This paper analyzes the role of multinational corporations (MNCs) in the growth of the software industry in three emerging economies - India, Ireland and Israel. The paper examines the evolution of MNCs’ activities over time and their linkages with domestic software firms, by drawing on different sources of data, including D&B’s Who Owns Whom, corporate websites and national industrial association datasets. An important source of information is the Gale Group’s InfotrackWeb database which report press articles on events such as inter-firm alliances and new subsidiaries. Another critical source of information is represented by interviews conducted with domestic firms and MNCs in the period between 1999 and 2003. The empirical analysis leads to two final conclusions. First, it shows that the role of MNCs varies considerably across these three countries. The main differences concern the time of entry of MNCs relative to domestic firms and the activities conducted by MNCs, which appear to reflect different regional comparative advantages. The second final conclusion is that the overall impact of MNCs on the development to the domestic software industry in the three examples analysed appears to be quite controversial. Ireland is the only case where many MNCs entered before the domestic industry started to grow and contributed on various grounds to its emergence (e.g., reputation effects and access to foreign markets). In Israel and India, most MNCs have remained quite isolated from the rest of the host economy for some time. Only recently they have directly contributed to the domestic industry by providing spillovers such as reputation, access to capital and managerial capabilities.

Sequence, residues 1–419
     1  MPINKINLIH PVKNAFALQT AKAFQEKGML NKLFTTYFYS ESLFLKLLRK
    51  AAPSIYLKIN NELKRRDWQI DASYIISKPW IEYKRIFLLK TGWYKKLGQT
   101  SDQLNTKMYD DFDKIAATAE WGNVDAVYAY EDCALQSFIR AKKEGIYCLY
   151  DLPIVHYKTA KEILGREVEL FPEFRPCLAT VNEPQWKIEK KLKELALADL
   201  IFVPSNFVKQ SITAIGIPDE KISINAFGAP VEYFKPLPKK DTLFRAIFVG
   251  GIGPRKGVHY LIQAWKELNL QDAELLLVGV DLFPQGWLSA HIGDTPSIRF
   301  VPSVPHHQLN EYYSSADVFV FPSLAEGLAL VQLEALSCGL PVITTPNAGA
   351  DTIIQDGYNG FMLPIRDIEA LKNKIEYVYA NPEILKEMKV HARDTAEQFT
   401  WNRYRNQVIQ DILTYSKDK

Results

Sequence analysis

The role of the multinational companies

TORRISI, SALVATORE
2005

Abstract

This paper analyzes the role of multinational corporations (MNCs) in the growth of the software industry in three emerging economies - India, Ireland and Israel. The paper examines the evolution of MNCs’ activities over time and their linkages with domestic software firms, by drawing on different sources of data, including D&B’s Who Owns Whom, corporate websites and national industrial association datasets. An important source of information is the Gale Group’s InfotrackWeb database which report press articles on events such as inter-firm alliances and new subsidiaries. Another critical source of information is represented by interviews conducted with domestic firms and MNCs in the period between 1999 and 2003. The empirical analysis leads to two final conclusions. First, it shows that the role of MNCs varies considerably across these three countries. The main differences concern the time of entry of MNCs relative to domestic firms and the activities conducted by MNCs, which appear to reflect different regional comparative advantages. The second final conclusion is that the overall impact of MNCs on the development to the domestic software industry in the three examples analysed appears to be quite controversial. Ireland is the only case where many MNCs entered before the domestic industry started to grow and contributed on various grounds to its emergence (e.g., reputation effects and access to foreign markets). In Israel and India, most MNCs have remained quite isolated from the rest of the host economy for some time. Only recently they have directly contributed to the domestic industry by providing spillovers such as reputation, access to capital and managerial capabilities.
From underdogs to tigers: bridging the gap
207
235
GIARRATANA M.; PAGANO A.; TORRISI S.
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Utilizza questo identificativo per citare o creare un link a questo documento: https://hdl.handle.net/11585/580
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